Journal Information
Vol. 37. Issue. 3.May - June 2017
Pages 229-356
Vol. 37. Issue. 3.May - June 2017
Pages 229-356
Letter to the Editor
DOI: 10.1016/j.nefroe.2017.05.013
Open Access
Pulmonary haemorrhage in a patient with IgA nefropathy
Hemorragia pulmonar en paciente con nefropatía IgA
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Lara Belmar Vegaa,,
Corresponding author
belmarvega@outlook.es

Corresponding author.
, Carlos Fernández-Díazb,, Natalia Palmou Fontanab, Emilio Rodrigo Calabiaa, Luis Martin Penagosa, Manuel Arias Rodrígueza, Gema Fernández Fresnedoa
a Servicio de Nefrología, Hospital Universitario Marqués de Valdecilla, Santander, Spain
b Servicio de Reumatología, Hospital Universitario Marqués de Valdecilla, Santander, Spain
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Dear Editor,

Henoch-Schönlein purpura (HSP) is a leukocytoclastic vasculitis affecting small-vessels that is rarely seen in adults. Lung involvement is extremely rare, with an unpredictable clinical evolution and high rates of mortality.1,2

We report the case of a 69-year-old male patient with IgA nephropathy and a bilateral alveolar haemorrhage in the context of HSP. As for his personal history, he suffered from hypertension and atrial fibrillation, wore a mechanical prosthesis and was undergoing treatment with oral anticoagulants. The patient was admitted due to fever, dyspnoea, oedemas, coughing and expectoration. On admission, a deterioration of kidney function was observed (Cr 1.67mg/dl; GFR 41ml/min) as well as leukocytosis with a left shift. Following diuretic and antibiotic treatment, an improvement in kidney function occurred (Cr 0.9mg/dl, GFR 82ml/min) and the leukocytosis decreased. A few days later, the patient presented again deterioration of kidney function (Cr 2.1mg/dl), anaemia (Hb 7.5g/dl) along with purpuric lesions of the lower limbs. The tests performed showed: normal albumin, cholesterol and lactate dehydrogenase; an ESR of 52mm, urine element and sediment with +++proteins, ++++Hb, >100 red blood cells/field, 24-hour urine protein of 1870mg; IgA 437.00mg/dl, normal remaining immunoglobulins and complement, antinuclear antibodies, anti-neutrophil cytoplasmic antibodies, anti-glomerular basement membrane antibodies and negative viral serology testing. Haptoglobins < 25, blood smear without schistocytes, positive direct Coombs test. Urological ultrasound with no pathological findings.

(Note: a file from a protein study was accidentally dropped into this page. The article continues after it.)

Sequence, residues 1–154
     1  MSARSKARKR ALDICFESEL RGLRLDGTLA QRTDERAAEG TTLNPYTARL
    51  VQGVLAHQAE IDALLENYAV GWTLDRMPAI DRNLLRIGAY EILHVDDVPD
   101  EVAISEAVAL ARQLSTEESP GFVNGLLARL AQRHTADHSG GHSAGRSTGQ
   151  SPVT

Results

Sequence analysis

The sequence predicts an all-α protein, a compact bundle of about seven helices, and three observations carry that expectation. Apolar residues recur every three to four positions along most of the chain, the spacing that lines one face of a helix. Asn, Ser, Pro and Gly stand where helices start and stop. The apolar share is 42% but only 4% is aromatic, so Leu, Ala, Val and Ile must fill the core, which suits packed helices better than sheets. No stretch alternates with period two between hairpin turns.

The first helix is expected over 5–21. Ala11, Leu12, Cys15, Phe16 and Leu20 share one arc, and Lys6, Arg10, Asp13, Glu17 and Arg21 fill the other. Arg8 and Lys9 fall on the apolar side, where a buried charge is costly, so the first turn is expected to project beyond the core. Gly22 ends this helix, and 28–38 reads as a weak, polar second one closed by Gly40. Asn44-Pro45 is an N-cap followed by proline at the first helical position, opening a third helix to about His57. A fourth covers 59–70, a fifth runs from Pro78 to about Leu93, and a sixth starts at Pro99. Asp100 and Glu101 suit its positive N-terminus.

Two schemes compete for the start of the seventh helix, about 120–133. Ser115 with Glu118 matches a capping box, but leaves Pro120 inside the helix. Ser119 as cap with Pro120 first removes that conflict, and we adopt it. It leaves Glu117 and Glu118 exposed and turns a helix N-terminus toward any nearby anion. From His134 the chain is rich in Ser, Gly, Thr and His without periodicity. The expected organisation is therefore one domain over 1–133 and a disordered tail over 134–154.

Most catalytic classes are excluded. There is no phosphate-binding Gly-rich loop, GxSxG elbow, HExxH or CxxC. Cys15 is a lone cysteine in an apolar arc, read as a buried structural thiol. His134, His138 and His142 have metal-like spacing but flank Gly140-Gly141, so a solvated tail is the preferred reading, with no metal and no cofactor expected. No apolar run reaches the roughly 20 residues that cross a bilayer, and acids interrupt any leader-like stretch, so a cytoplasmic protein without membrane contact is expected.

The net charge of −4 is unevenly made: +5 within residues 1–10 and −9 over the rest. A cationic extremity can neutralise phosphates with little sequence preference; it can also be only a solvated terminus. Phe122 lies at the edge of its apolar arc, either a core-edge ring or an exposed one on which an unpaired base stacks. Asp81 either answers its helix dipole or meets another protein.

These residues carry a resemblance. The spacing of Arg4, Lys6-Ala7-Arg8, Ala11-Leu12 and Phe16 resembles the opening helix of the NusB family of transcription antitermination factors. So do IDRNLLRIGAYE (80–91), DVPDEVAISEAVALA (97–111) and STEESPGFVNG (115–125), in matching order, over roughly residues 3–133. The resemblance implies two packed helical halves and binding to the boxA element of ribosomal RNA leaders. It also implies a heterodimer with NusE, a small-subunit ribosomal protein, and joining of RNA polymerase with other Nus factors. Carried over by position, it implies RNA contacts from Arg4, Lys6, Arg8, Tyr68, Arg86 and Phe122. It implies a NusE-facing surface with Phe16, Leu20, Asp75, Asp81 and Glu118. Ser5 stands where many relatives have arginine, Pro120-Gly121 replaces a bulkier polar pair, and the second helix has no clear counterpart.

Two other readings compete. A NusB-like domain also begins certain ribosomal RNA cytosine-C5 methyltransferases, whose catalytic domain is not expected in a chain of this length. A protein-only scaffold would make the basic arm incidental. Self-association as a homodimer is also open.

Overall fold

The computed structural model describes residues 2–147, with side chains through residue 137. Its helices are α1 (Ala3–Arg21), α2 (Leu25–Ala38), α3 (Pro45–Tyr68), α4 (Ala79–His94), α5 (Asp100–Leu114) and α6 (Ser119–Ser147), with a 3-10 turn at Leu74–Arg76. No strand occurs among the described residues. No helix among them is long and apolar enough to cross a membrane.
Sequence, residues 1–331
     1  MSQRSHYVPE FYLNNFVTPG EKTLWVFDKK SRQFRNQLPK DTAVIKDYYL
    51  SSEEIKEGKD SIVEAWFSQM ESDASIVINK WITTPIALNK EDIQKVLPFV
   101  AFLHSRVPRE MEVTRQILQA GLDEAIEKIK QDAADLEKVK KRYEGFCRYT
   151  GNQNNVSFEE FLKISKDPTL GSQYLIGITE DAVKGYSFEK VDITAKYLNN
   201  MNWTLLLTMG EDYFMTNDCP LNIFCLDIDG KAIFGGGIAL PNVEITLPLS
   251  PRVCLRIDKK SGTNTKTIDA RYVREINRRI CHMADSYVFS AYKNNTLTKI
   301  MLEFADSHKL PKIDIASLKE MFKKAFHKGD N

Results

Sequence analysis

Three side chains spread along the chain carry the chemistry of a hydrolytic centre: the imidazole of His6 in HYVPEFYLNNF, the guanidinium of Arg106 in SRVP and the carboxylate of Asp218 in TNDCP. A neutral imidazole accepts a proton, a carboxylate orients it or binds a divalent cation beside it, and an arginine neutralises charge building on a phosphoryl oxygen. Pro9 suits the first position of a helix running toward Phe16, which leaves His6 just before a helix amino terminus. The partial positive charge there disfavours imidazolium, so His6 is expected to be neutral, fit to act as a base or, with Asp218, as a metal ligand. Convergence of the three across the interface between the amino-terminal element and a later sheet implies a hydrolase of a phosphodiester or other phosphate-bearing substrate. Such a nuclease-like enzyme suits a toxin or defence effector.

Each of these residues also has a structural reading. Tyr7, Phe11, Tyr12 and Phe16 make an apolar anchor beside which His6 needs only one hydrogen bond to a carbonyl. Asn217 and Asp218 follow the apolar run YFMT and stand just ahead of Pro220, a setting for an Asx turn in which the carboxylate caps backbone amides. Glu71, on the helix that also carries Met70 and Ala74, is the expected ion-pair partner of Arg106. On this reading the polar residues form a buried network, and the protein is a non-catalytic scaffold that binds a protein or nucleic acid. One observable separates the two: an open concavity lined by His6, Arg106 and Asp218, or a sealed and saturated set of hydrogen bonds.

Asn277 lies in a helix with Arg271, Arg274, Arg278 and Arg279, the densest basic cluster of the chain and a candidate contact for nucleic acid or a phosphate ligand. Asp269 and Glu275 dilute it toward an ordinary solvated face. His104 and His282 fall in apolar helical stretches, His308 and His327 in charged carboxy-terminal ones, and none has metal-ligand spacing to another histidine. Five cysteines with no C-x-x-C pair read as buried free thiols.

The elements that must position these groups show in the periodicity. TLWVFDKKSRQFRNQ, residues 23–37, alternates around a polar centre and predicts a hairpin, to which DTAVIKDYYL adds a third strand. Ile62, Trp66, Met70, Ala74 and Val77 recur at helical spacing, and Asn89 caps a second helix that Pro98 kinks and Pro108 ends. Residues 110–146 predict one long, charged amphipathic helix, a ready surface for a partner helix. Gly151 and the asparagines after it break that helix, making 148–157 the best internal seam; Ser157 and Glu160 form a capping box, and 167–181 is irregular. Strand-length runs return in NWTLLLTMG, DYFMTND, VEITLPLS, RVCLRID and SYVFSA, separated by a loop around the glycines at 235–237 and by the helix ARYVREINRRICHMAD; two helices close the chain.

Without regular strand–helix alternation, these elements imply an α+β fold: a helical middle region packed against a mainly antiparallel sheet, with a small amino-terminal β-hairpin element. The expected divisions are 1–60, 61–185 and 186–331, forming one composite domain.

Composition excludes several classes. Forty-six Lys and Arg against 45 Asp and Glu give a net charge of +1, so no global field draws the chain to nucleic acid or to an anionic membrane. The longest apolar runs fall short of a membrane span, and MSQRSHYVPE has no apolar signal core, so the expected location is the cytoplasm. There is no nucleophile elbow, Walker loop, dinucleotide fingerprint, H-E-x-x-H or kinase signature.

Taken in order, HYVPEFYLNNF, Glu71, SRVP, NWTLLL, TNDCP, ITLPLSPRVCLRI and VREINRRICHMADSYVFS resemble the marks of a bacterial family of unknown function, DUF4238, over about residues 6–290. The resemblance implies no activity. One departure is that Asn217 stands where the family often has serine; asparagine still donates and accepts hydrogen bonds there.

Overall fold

In light of suspected vasculitis, treatment was initiated with three boli of methylprednisolone 500mg on consecutive days, followed by prednisone at 1mg/kg every 24 hours. 72 hours later, symptoms of haemoptysis and anaemia appeared; a chest X-ray and chest CT scan were performed, showing findings suggestive of a bilateral alveolar haemorrhage and the presence of intraparenchymal pulmonary haematoma (Figs. 1 and 2). Treatment was initiated with a bolus of 500mg/m2 cyclophosphamide and immunoglobulins at 2g/kg, spread across five doses. Five days later, frank haemoptysis, anaemia and significant respiratory effort occurred, prompting a transfer to ICU, where orotracheal intubation and mechanical ventilation were performed. The patient also required aspiration due to massive bleeding.

Fig. 1.

Alveolar-interstitial infiltrates secondary to intrapulmonary haemorrhage and haematoma.

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Fig. 2.

Intrapulmonary haematoma, areas with ground-glass opacity and crazy-paving pattern due to pulmonary haemorrhage.